In a recent poll, a majority of Americans answered affirmatively when asked if President Joe Biden was trying to do too much. At the same time, fully 7 in 10 polled say that America is on the wrong track. That the latter sentiment is accompanying the former should not come as a surprise to anyone who actually wakes up with the responsibility for running a business and/or leading other human beings. People are capable of handling only so much, and when their practical limits are exceeded, bad things start to happen. Smart business leaders are those who recognize these things and plan accordingly - ensuring that their teams focus on a finite number of manageable priorities.

Science has proven that the human capacity for keeping track of things is severely limited. In fact, recent work by University of Oregon Psychiatrists, Edward Awh and Edward Vogel found that the maximum number of things humans can comfortably keep track of at any one time is four. This was backed up by research from University of Missouri scientist, Nelson Cowan, whose study confirmed that the central working memory faculty for most adults is limited to three to five separate items. But despite such research, so many businesses suffer from initiative overload, creating issues which are plain to both rank and file and leadership alike.

In a survey of some 1,800 executives conducted by Strategy&, a part of PwC, nearly two-thirds (64%) reported that they have too many conflicting priorities. And a whopping 81% said that their growth initiatives actually lead to waste at least some of the time. These are the people in charge of choosing the number of initiatives, and they're admitting that they are creating a problem. In most cases, it's not happening because they are bad people; it's largely cultural. See, almost no one wants to be the person who says no to taking on another task. Human nature also dictates that more is better than less. And in a "do more with less" economy, who's to say when enough is enough? But whether well-meaning or not, a problem is still a problem.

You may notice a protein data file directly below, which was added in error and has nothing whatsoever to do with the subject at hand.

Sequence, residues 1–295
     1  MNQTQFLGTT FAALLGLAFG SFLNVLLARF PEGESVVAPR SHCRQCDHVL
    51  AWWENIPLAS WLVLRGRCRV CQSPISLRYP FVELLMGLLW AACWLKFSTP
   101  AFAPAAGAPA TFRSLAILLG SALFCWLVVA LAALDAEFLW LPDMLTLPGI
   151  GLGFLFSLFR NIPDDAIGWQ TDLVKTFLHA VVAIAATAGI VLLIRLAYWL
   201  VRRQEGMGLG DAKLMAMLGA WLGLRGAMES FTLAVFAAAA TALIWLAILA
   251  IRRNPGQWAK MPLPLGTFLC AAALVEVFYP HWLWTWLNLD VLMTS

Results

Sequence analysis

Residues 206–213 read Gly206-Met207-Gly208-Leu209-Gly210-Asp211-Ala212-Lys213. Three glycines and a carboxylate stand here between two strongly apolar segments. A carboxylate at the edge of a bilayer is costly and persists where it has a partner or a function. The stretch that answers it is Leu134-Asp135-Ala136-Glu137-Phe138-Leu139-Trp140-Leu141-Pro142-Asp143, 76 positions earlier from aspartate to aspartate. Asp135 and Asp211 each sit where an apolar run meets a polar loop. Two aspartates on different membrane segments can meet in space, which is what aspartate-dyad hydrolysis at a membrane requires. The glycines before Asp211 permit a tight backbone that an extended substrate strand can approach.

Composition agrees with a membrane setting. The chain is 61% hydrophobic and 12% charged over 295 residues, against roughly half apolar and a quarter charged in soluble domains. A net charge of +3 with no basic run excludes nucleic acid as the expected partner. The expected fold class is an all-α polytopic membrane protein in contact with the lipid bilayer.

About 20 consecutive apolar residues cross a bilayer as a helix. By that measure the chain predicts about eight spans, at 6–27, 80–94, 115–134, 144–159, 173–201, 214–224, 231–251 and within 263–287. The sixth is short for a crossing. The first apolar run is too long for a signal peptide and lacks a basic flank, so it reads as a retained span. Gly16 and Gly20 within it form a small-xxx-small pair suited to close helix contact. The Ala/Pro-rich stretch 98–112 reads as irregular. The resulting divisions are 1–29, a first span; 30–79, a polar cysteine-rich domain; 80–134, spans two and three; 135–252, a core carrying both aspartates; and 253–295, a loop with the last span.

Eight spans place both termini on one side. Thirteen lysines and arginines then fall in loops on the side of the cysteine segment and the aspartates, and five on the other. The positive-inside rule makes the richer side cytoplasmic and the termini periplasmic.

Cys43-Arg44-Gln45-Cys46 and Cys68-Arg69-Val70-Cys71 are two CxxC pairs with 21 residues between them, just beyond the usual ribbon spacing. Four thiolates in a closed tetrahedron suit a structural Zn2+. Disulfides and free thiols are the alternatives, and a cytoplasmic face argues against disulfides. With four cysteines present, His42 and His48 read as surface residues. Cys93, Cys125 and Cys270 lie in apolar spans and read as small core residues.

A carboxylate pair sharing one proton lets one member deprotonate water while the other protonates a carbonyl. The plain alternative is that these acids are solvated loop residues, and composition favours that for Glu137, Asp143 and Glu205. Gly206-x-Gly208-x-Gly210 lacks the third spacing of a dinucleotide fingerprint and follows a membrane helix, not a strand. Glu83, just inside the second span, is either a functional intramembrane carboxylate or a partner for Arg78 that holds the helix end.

It's a problem that results in slipping service and quality levels, waning motivation and morale, missed targets and deadlines, periods where nothing seems to get done, and a sense that all hope and joy is lost. Worst of all, good people start leaving. In their recent piece examining what's behind the "Great Resignation," employee experience software provider, Limeade, reported that fully 40% had departed due to burnout. A recent survey from YPulse showed similar findings. Workers have had it with organizations that are trying to do too much (with too little), and they are leaving as a result. But it doesn't have to be this way.

In my work with business leaders seeking business improvement, I purposely constrain them to focus on the top three to five things that will have the greatest impact on moving them closest to their strategic and financial objectives in the next 365 days. In doing so, these teams limit their priorities not only to the most critically important activities they might undertake, but also ensures, one, that they do not exceed their or their people's own capacity for keeping track of key information, and, two, likewise ensures that they are not overwhelming their people with an overabundance of confusing and/or conflicting priorities. Once declared, these businesses then communicate these three to five things constantly throughout their organizations until every person in them knows them by rote. As a result of focusing on fewer things, these organizations, paradoxically accomplish more, and they do so with happier people and with far less waste.

See, the waste referred to earlier, is actually a by-product of trying to accomplish too much. It's the result of come-backs due to shoddy work, resources spent on initiatives that are never completed, and the cost involved in having to re-hire associates that leave because they are pushed beyond their limits, just to name a few. When teams focus on fewer, more rapidly achieved initiatives, there is far less waste, less turnover, and more winning.

These are organizations that a majority of their associates would rate as being on the right track. And while business is not a popularity contest, having more of your associates believing in what you're doing is a very good thing. It all starts with recognizing that there's such a thing as too much and that a focus on three to five things is just right.